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Syrian sappers say 1230 mines rendered harmless in Palmyra

April 01, 9:39 UTC+3 PALMYRA (Syria)
According to Lieutenant Qassen Shpib of the Syrian engineer troops engaged in demining efforts, it's only half of the approximate number of explosive devices in the city
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© Valery Sharifulin/TASS

PALMYRA (Syria), April 1. /TASS/. Engineer units of the Syrian army need Russian sappers’ assistance in the mine clearing operation in the ancient city of Palmyra, Lieutenant Qassen Shpib of the Syrian engineer troops engaged in demining efforts told reporters on Friday.

"We have already gained experience, but now we are facing a major problem - the clearance of houses and apartments, where the militants have left suicide bomber’s belts and explosives. We are awaiting assistance from our Russian colleagues to deal with it," Shpib said.

He added that 1,230 mines have been rendered harmless in the city by the moment, which is only half of the approximate number of explosive devices in the city. The sapper also spoke about the difficulties the Syrian military have had to face in the course of the mine clearance operation.

"The entry to the city is completely mined, which is unexpected for us. The terrorists dug holes in the asphalt, laid mines in them, and then covered them with concrete. We have had to blow all this up. There were also mines set off by the militants remotely", he said.

Experts of two groups of a joint detachment of the Russian Armed Forces’ international anti-mine center were dispatched to Syria on March 30 and 31 to participate in humanitarian demining of infrastructure facilities and the historical part of the city of Palmyra. According to preliminary estimates, the Russian experts will have to clear of mines more than 180 hectares in Palmyra.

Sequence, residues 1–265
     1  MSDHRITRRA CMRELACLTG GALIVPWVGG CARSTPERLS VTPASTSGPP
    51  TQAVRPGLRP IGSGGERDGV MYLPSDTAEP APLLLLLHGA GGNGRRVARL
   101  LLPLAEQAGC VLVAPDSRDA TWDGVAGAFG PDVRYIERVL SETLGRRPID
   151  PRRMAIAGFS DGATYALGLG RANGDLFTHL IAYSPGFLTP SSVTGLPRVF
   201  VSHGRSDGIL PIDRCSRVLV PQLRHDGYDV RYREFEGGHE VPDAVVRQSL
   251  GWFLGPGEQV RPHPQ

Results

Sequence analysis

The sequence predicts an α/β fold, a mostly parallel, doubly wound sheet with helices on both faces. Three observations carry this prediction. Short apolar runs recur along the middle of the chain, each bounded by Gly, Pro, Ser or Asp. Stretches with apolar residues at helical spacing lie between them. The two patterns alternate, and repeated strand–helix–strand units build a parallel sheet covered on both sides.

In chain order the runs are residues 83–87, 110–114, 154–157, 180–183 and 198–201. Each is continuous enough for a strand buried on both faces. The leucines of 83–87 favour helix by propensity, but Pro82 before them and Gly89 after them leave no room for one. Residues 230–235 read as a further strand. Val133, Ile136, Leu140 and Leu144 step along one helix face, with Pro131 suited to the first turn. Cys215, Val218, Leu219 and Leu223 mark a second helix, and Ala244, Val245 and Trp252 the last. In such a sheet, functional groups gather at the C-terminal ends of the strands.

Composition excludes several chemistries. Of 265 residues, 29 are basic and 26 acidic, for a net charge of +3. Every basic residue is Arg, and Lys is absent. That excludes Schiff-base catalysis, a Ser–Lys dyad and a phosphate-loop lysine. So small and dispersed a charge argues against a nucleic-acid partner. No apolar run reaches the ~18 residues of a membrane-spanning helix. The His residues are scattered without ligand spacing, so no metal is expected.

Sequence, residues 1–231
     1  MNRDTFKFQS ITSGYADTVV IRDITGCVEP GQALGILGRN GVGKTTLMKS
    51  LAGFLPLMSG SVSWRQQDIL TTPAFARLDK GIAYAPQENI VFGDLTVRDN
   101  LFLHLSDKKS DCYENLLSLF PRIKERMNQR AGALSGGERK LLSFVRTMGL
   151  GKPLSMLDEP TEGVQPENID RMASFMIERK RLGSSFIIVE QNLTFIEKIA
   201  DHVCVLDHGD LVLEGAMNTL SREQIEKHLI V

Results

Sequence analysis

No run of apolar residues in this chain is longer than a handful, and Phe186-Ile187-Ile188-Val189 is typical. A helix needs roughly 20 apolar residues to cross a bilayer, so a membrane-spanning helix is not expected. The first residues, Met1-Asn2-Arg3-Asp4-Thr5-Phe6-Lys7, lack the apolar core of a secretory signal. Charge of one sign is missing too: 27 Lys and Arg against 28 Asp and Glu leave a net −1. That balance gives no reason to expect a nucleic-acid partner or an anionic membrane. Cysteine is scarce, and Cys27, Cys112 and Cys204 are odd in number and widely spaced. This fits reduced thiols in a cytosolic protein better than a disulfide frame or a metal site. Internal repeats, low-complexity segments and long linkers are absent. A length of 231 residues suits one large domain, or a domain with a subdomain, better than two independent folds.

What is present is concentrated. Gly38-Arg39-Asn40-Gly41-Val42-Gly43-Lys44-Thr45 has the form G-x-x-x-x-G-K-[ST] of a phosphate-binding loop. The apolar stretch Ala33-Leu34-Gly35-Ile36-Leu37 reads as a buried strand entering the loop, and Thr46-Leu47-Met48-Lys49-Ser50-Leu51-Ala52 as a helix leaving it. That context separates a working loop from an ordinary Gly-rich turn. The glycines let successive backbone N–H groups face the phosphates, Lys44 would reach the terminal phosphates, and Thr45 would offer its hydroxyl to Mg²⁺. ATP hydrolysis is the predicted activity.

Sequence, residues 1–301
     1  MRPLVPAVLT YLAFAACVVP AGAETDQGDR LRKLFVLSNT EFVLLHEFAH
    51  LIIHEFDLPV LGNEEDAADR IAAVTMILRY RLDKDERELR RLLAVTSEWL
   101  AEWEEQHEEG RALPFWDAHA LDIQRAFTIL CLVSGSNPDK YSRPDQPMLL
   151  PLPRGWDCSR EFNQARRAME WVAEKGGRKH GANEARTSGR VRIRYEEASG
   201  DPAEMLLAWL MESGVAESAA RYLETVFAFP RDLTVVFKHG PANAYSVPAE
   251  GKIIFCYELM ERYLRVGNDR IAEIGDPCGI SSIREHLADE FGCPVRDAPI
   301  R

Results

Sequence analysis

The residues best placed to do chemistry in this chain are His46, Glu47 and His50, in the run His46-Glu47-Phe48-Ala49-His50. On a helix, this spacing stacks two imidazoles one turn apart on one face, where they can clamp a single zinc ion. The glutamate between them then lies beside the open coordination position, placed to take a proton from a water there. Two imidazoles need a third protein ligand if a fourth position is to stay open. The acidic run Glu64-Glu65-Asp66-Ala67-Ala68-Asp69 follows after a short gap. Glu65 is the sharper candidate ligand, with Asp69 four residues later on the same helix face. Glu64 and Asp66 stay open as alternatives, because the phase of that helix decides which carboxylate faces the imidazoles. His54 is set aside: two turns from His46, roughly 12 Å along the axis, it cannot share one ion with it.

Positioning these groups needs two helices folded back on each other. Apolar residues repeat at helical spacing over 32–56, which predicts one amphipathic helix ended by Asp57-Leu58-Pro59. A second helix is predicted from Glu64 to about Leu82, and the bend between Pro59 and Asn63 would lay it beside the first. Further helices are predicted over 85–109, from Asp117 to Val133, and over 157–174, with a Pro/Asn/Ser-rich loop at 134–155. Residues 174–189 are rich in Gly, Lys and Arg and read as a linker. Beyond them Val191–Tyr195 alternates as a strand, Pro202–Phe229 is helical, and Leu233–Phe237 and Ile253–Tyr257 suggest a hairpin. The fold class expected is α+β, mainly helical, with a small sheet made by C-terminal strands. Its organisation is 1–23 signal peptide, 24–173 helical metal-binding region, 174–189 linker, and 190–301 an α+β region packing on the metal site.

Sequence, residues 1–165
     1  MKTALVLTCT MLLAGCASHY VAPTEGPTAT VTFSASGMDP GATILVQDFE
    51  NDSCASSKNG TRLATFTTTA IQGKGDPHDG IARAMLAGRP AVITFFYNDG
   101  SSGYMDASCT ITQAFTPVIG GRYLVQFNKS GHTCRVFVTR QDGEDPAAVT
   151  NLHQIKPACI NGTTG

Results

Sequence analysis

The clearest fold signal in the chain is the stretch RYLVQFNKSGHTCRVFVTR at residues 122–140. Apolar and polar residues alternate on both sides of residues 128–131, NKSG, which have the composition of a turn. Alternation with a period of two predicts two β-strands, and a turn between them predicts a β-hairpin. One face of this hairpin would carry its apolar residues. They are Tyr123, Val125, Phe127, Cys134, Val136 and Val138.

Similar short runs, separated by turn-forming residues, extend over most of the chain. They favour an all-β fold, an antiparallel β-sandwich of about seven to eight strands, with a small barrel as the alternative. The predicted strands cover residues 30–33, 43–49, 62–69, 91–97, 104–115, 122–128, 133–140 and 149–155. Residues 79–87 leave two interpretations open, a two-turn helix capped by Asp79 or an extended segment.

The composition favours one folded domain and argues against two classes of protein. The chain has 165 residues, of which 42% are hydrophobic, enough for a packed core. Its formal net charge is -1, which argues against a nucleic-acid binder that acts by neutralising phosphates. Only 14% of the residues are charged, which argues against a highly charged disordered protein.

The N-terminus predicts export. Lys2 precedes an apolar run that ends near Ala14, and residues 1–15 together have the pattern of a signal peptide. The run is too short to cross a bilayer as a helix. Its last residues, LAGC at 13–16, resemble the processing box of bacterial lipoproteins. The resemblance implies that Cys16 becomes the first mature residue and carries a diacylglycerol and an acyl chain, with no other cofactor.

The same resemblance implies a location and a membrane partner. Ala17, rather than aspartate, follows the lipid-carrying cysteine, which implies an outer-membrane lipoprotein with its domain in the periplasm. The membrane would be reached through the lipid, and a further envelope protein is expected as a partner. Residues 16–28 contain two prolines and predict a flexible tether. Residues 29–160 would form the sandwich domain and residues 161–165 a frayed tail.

"The detachment’s units were airlifted (to Syria) by the Antonov An-124 Ruslan and Ilyushin Il-76 planes of the Military Transport Aviation," the Russian Defense Ministry said. According to the ministry, the detachment is furnished with the most advanced mine clearing and protective equipment. In addition to sappers, the detachment includes mine detection dog handlers. During the mine clearing operation the Russian experts will also use the Uran-6 robots.

Previously, a military-diplomatic source told TASS that the total number of Russian sappers and detector dog handlers that will be engaged in the mine clearing operation in the city of Palmyra in Syria will reach some 100 people. He said that the mine clearing operation would last several months at least. The Russian military are to demine not only the city’s historic part, but also residential areas and approach routes to Palmyra.

The Syrian army said on Sunday that it liberated the ancient city of Palmyra with support from the Russian air group. The city, which is called a "gem" of the Syrian desert, was one of the richest centers of ancient civilization. The Great Silk Road ran through Palmyra, located in an oasis 240 km from Damascus. The extant ruins of the ancient city are included in the UNESCO World Cultural Heritage Site list.

Palmyra, an ancient city in Syria’s Homs province some 210 kilometers from Damascus, was seized by gunmen of the Islamic State (a terrorist organization outlawed in Russia) in early summer 2015. The Syrian authorities said back then that Palmyra with its monumental ruins of a great city that was one of the most important cultural centers of the ancient world standing at the crossroads of several civilizations, could share the fate of Iraq’s ancient cities of Assur, Nimrud and Hatra that were destroyed by Islamic State militants.

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